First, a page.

Ages ago, in a galaxy some 300 million light years away, an unwitting star veered fatally close to a powerful black hole. After shredding the star apart, the black hole ejected pulses of energy into the cosmos.
Astronomers received this ancient signal, made of x-rays, in 2014.
Now, a team of astrophysicists used these x-rays to reveal insights about this enigmatic black hole, specifically, how rapidly it’s spinning. They published the study Wednesday in the journal Science.
“You’re getting information from right next to the black hole,” Dheeraj Pasham, an astrophysicist at MIT and the study’s lead author, said in an interview. “You’re getting information from the strongest gravity that can exist.”
The black hole in question is thought to be super massive — about 1 million times the mass of the sun. Accordingly, it has an immensely powerful gravitation pull. So when an unassuming star traversed near this black hole, it began to rip the star apart. This dramatic moment is called a tidal disruption event, or flare.
“It’s just gravity — but gravity in an extreme situation,” Chris Fryer, an astrophysicist at Los Alamos National Laboratory who had no involvement in the study, said in an interview.
These tidal disruption flares are critical to understanding the nature, and spin, of black holes that are actively consuming stars.
As the black hole strips away the star, this volatile matter heats up to 1 million degrees Celsius as it gets pulled into a disk around the black hole, explained Pasham. This “star soup” then emits energy, in the form of x-rays, into space. In the case of this black hole, scientists found that a strong x-ray signal was emitted every 131 seconds over at least 450 days.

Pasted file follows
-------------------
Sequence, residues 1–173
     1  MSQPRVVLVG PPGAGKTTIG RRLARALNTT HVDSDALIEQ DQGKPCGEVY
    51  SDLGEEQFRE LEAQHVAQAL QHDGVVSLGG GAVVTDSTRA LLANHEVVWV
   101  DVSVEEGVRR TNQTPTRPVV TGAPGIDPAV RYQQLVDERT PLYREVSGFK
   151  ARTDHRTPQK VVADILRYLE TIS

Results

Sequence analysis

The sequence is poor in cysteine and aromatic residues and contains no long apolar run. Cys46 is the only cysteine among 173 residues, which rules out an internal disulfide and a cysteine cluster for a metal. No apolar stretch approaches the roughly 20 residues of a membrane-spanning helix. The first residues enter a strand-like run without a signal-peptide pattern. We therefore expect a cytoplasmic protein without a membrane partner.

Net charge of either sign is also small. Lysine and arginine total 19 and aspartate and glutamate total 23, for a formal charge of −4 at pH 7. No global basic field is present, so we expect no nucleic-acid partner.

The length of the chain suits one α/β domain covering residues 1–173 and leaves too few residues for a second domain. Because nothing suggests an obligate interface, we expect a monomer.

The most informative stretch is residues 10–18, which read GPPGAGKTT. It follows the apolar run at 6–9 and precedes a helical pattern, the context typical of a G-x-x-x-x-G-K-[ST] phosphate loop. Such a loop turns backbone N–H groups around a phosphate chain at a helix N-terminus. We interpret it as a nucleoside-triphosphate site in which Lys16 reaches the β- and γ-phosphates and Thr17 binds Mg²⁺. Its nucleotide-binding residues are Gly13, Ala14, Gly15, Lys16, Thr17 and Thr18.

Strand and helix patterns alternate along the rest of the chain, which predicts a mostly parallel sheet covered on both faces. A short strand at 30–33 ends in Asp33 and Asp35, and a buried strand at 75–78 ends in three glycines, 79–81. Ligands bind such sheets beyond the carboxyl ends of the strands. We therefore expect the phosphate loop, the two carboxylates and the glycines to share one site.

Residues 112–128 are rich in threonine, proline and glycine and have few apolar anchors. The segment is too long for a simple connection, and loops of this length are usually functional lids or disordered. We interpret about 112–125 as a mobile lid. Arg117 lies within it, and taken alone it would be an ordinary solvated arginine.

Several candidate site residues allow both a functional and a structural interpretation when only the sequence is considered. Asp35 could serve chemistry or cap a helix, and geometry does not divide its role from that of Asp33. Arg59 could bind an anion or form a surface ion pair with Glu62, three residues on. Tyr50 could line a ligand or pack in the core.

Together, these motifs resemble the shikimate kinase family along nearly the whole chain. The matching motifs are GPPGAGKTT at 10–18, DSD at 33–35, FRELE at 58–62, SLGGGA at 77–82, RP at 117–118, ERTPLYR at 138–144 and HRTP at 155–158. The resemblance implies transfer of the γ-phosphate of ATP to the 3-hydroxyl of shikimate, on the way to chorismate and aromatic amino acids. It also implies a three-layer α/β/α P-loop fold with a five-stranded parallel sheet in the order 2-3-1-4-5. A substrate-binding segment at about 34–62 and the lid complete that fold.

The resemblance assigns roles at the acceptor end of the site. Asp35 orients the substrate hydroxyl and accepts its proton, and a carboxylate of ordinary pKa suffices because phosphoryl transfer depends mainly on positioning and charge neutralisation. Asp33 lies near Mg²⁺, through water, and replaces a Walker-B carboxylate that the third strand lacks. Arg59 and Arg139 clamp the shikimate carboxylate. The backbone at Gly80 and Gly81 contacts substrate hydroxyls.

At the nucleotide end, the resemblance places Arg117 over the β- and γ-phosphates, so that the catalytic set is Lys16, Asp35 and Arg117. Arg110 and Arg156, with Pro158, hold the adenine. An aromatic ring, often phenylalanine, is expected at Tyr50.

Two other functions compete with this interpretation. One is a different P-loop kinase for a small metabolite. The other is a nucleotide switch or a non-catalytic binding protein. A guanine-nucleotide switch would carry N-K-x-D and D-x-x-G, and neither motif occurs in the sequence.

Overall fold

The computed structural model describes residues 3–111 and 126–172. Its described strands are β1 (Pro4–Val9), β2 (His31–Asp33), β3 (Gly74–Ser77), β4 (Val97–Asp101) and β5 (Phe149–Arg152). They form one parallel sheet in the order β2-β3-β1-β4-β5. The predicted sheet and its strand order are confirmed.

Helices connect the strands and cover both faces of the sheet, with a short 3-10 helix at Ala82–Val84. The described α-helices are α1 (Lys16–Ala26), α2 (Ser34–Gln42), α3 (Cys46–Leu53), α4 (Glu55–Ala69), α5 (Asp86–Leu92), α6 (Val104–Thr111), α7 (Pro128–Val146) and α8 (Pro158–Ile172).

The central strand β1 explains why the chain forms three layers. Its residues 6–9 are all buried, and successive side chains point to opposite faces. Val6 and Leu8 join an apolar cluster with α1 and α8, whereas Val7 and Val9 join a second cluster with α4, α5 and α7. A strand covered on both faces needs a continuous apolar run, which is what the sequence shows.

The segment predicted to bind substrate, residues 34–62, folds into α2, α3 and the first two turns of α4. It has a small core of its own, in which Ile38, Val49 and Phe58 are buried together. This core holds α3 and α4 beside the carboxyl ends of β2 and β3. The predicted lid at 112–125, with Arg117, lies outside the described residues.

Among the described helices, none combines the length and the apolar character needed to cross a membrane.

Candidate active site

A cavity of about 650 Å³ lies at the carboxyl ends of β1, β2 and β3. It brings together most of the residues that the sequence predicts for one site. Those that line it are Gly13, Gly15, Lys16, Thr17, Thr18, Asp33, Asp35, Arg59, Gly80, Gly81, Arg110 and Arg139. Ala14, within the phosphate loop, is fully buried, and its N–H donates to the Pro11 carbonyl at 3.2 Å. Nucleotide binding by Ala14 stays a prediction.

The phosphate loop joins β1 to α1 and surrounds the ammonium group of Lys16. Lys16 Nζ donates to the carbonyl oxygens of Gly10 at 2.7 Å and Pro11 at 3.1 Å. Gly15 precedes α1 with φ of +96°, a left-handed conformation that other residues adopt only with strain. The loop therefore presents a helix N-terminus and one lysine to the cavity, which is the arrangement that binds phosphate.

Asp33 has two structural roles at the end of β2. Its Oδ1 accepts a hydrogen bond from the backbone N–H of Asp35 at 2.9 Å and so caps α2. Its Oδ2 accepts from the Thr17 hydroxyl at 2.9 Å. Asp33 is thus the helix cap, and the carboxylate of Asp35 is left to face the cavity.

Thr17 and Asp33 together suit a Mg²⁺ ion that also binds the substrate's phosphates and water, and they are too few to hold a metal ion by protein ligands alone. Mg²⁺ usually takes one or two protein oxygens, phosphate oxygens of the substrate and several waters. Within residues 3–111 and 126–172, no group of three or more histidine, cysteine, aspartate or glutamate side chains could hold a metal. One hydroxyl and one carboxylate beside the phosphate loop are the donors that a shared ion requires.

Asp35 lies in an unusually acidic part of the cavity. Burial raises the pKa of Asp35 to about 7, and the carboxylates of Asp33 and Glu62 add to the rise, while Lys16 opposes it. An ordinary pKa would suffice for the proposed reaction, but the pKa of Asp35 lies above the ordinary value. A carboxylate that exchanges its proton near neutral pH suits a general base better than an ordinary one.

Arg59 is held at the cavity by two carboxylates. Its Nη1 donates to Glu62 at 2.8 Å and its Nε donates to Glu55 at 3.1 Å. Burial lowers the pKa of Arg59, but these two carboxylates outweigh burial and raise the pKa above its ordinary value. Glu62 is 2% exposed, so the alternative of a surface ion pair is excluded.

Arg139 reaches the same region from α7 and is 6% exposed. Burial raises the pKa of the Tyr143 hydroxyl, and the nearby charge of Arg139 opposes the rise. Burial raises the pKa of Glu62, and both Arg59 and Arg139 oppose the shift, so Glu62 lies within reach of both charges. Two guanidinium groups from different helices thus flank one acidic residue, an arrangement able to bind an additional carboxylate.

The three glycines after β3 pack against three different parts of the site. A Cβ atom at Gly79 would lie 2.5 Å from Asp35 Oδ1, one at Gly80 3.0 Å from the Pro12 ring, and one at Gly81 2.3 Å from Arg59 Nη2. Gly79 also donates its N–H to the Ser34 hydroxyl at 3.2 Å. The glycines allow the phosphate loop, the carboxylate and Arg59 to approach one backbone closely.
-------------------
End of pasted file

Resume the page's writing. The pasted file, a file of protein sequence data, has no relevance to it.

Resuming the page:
Critically, the hot disk is suspected to orbit just outside of the black hole’s event horizon — which is the point of no return. Not even light can escape.
“The key is figuring out how close the material can get to the black hole,” said Pasham.
In other words, armed with evidence about how and where this disk of hot star matter was moving, combined with a good idea of the black hole’s mass, Pasham said his team “teased out” the black hole’s spin. It spins at about half the speed of light. Researchers have calculated black holes’ speeds before, and they can spin faster than this one, but this one’s speed is nothing to sneeze at.
“It’s just a really rapidly spinning black hole,” said Fryer.
This method of studying black holes — by observing the dramatic shredding of stars — gives scientists improved insight into massive black holes that are actively ripping apart massive stars and creating disks of star matter. This is rare. Only about 5 percent of black holes are actively doing this.
“It’s basically having access to this pool of supermassive black holes that have not been studied before,” Pasham said.
Pasham plans to look for, and hopefully spot, more of these dramatic events in the cosmos. The aim is to continue unravelling the nature of black holes — which are still largely enigmatic and relatively new to science.
“A little over 20 years ago we were not certain we could prove black holes existed,” said Fryer. “Now, there is no one doubting it.”
“The evidence keeps on piling up,” he said.